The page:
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65 a golden age strike a contract with companies. In return for receiving something of value, they are prepared to sacrifice personal information. For example, Google's email users are prepared to tolerate targeted advertising surrounding their in- box, in return for a free email service with unlimited memory space. Similarly, the 16- 24- year-old customers of Blyk, a new mobile network, are prepared to receive three to four personalised ads a day on their mobile, in return for a free service. The ad- funded mobile network has over 100,000 users and Blyk says its users don't find the ads irritating because they're so targeted. However, most social networkers are arguably not aware of the commercial undercurrent of peer- to- peer websites like Facebook, who are under increasing pressure to generate revenues. This became clear in 2007 when Facebook launched a controversial ad system called Beacon that broadcast its users' web behaviour to his or her ' friends' even when they were outside the social network. Privacy groups and Facebook users were outraged and the social network was forced to climb down. In the future, businesses will be expected to be transparent about the way they use their customer data. Compared to the wealth of information online, loyalty programmes like Tesco Clubcard are incredibly innocuous. As dunnhumby's Mick Yates points out: " Once people have filled in the form we never go back and check it, we don't need to. We don't need to know about their family life, we're not that intrusive. We just look at what they're buying which is an objective fact. And then to thank them for helping Tesco do a better job we send them rewards." A number of different journalists writing stories on the success of Tesco Clubcard have been surprised by the scant amount of personal information held by the retailer on its customers. dunnhumby's sophisticated analysis enables retailers to personalise their offering without infringing their customers' privacy. Elizabeth Rigby, Financial Times journalist writes: " Two letters, a photocopy of his passport, a letter showing proof of address and a £ 10 administrative charge later. Tesco dispatched my father's data. At 16 pages long, it is bare on detail. It lists all his store visits... and the amount he has spent. It also details the points he has earned... Tesco has not updated the information since he joined the scheme in 1994." We don't need to know about their family life, we're not that intrusive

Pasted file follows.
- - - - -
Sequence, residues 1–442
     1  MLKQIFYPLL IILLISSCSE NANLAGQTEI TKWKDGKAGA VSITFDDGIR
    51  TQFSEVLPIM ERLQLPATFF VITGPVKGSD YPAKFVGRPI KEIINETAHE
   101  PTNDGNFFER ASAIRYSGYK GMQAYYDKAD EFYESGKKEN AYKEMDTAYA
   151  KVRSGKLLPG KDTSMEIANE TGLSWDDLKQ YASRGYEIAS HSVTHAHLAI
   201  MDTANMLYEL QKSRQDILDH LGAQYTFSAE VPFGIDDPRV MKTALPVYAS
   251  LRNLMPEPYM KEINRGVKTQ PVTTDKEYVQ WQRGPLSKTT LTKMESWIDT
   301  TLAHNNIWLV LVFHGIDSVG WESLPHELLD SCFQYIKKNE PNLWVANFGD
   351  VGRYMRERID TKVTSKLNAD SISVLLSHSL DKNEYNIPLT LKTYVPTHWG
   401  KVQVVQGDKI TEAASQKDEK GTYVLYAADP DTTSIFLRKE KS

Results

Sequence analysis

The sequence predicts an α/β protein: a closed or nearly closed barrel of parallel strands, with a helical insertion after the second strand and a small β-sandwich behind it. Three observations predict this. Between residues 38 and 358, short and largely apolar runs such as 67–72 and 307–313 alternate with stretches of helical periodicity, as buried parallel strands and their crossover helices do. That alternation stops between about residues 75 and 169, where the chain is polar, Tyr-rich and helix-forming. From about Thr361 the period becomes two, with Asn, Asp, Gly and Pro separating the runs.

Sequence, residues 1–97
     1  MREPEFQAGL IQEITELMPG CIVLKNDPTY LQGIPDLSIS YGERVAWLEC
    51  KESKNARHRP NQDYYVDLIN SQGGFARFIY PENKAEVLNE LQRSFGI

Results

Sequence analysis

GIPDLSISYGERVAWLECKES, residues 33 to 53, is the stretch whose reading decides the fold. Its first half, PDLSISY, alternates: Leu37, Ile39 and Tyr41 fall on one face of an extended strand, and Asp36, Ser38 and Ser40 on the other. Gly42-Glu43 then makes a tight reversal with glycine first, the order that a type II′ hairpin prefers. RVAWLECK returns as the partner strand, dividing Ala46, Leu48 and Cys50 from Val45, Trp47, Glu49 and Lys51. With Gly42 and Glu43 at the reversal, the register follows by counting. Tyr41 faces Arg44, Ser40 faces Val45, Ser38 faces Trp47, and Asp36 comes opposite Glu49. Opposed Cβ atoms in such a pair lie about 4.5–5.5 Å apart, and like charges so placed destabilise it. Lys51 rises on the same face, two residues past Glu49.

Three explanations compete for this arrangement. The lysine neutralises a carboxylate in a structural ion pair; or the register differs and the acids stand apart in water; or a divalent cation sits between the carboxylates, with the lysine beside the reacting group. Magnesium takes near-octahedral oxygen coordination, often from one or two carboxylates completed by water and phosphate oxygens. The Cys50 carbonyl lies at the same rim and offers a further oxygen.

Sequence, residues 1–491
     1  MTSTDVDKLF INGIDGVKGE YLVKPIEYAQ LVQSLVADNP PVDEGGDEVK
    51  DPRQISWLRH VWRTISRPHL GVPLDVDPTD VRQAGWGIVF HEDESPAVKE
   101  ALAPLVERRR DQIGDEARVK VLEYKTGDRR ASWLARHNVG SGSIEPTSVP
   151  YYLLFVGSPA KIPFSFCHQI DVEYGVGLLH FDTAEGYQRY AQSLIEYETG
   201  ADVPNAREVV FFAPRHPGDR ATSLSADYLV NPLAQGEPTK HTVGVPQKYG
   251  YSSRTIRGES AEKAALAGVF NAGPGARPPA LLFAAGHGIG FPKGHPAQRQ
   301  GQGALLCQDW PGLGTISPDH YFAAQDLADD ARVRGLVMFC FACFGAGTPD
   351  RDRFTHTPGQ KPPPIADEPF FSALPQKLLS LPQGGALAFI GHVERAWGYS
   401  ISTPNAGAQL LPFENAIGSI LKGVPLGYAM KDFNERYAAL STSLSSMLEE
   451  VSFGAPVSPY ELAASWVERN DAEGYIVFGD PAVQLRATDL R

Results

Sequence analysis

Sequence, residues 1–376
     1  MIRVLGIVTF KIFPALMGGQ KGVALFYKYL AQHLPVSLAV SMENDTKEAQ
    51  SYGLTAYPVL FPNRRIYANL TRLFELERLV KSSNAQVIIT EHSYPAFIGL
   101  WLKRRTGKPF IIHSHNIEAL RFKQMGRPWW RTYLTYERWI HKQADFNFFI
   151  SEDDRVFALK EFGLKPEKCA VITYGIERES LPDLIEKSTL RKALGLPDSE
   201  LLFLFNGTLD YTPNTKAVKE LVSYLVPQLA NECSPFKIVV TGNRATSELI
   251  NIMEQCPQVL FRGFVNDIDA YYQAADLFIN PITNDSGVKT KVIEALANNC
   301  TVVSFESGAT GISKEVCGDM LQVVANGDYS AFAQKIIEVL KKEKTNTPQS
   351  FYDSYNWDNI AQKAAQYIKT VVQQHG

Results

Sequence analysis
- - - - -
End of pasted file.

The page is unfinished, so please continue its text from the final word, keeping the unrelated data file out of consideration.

66 Talk to talk Customer data has never before reached such a revolutionary, step changing scale. Today, dunnhumby analyses the shopping behaviour of 200m households, a huge number that is swiftly heading towards half a billion households. dunnhumby uses this information to target relevant advertising to supermarket customers through quarterly statements, on- line, in- store and outdoor media, as well as fine- tuned messages for the customer clubs. At the moment, while your local supermarket might know what's in your shopping basket, your bank knows what you buy, your mobile company knows where you are and who you speak to, and your favourite search engine knows what sort of holiday you're researching, none of this data is linked together. In the future, companies might start exchanging this data to get a fuller picture of their customers' lives. Imagine for example, if a supermarket linked its shopping information with viewing habits from satellite TV or an internet search engine. This could obviously only happen with the permission of customers, but could lead to enormous benefits for consumers and business. Closing the loop of understanding around media and shopping habits would enable advertisers to see if their TV ads had actually led to a purchase in a supermarket. In turn, this could enable advertisers to beam relevant ads into their living room. Whoever is making sense of customer data is also in the position to manage marketing messages to customers. The accumulation of data from different companies would enable a trusted customer gateway like dunnhumby to send targeted, personalised relevant messages to a mass audience for the first time, achieving Clive's intention of ' mass intimacy.' For example, if Coca- Cola wanted to talk to its customers, personalised advertising could be sent to tens of millions of Coca- Cola drinkers. The holy grail of good, responsible mass marketing. Customers would be grateful too, because it could spell the end of being bombarded by irrelevant advertising. dunnhumby's Rufus Evison suggests that some consumers in the future will log into a ' preference centre' to signal what they are prepared to accept in terms of communications. For example, any colour you like as long as it's any colour you like Customer data has never reached such a revolutionary, step change scale